It doesn’t matter how well grounded you are as a person how polite and friendly you are or even how much you know about office etiquette, the one thing you can never avoid in the workplace is office politics. Wherever you have a group of people with different personalities, sets of values and opinions – which means just about everywhere, you’re going to come across office politics at some time or other. And, whilst that can’t be avoided, it’s important to know how to manage the situation for yourself.
If you hate the very nature of the term ‘office politics’ your first thought might be to simply say that you don’t want to get involved with all of that and that you’re just here to keep your head down, do a job and that’s all. However, it would be the wrong move to adopt that rigid attitude. Let’s look at it on a wider scale. Where groups of people are involved, there are bound to be personality clashes from time to time at work and it’s not simply enough to bury your head in the sand all of the time.
For example, if you’re married and have children or you share a house with a friend or with your parents, there will inevitably be a clash of personalities occasionally and issues will arise that you need to be involved in so that you’re part of the solution. Well, like it or not, the same holds true in the workplace. And, whilst you may be very fortunate and work in an office where everyone gets on all of the time, staff members can come and go so it’s better to be prepared for the occasions when office politics might rear their ugly head. Therefore, it’s far better to adopt some useful strategies to keep the effects of office politics on yourself to a minimum, whilst at the same time still being classed as being on the inside as opposed to being on the outside looking in. What you should be aiming for is to manage any effects of office politics that directly relate to you and to turn them in your favor or at least minimise their effects on you.
Most office politics tend to occur as a result of one or more than one person holding (or being seen as holding) a significant amount of power within the office. These are often the people who will blame others for their mistakes or will try to undermine the efforts and abilities of others to make them feel better about themselves. However, there are several ways you can counteract these actions so that they don’t affect you.
Firstly, try to get to know the politically powerful within your organisation. By not being afraid of them, they are often more receptive to people who aren’t intimidated by them and more willing to listen to alternative ideas. If someone tries to undermine you in a meeting, don’t get drawn into a heated argument. Simply be bold and assertive, but not aggressive, when making your points and if their behaviour persists, calmly take your leave and if you are asked why you did that later, simply say that you found that the meeting was becoming more destructive than positive.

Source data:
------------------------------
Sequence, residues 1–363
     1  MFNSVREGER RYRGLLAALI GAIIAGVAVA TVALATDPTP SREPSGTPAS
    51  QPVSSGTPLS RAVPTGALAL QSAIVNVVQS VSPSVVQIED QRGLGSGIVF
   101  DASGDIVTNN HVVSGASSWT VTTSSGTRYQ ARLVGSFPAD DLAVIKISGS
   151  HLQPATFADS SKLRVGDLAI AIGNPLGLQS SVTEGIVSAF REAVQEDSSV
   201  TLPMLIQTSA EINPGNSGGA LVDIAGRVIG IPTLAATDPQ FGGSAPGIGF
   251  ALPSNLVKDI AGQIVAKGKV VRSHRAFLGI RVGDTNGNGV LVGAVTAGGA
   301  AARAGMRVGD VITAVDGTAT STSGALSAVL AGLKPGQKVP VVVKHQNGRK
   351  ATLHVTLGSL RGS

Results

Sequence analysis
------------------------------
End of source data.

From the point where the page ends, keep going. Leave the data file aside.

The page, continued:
A lot of people who play office politics do so because they are unsure about their own abilities and achievements and try to conceal their own shortcomings behind a façade and to make others feel they less worthy. Therefore, it’s important to be proud of your own accomplishments and, without blowing your own trumpet, make sure that your efforts are recognised and noted by those who matter. If most of the staff are aware that you consistently produce good work, this is far more likely to curry favour more than the office ‘bully’ who may be far less accomplished than you are but who will also try to undermine you whenever possible. Simply view that as their weakness.
Forming an allegiance with a more experienced colleague is often a useful way to counteract any effects from office politics. They will have probably seen it all before and will be able to advise you on how you should handle difficult situations to your advantage. Basically, whilst it’s perfectly acceptable and correct not to become embroiled in office politics and to keep your counsel by not doing things like getting embroiled in idle gossip or bitching about certain people behind their backs, you should also be prepared to defend yourself and to challenge anybody who might be looking to undermine you personally. Always do this politely but assertively (not aggressively) and from a position of strength where you have some facts which you can use that backs your statements up.